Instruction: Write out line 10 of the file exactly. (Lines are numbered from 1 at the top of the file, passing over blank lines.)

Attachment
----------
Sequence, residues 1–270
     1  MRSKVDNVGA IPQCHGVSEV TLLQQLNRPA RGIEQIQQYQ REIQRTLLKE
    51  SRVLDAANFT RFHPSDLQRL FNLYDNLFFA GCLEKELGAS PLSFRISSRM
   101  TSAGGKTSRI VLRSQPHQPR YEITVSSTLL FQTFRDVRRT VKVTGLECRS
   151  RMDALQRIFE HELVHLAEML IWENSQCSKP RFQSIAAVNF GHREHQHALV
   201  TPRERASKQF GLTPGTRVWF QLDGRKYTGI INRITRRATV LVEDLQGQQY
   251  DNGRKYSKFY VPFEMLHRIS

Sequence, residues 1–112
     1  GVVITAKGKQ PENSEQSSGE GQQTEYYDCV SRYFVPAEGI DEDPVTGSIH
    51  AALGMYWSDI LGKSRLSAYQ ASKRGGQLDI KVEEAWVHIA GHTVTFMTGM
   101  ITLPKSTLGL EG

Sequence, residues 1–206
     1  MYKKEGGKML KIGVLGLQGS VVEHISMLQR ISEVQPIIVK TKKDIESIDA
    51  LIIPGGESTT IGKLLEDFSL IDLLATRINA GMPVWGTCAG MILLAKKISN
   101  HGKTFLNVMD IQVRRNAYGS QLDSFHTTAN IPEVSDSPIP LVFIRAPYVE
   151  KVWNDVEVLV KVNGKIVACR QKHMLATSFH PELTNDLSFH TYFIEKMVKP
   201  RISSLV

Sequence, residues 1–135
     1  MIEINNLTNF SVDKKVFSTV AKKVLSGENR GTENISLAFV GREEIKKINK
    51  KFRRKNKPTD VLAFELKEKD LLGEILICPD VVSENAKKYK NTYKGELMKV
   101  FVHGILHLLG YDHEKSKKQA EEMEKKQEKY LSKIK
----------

    51  AALGMYWSDI LGKSRLSAYQ ASKRGGQLDI KVEEAWVHIA GHTVTFMTGM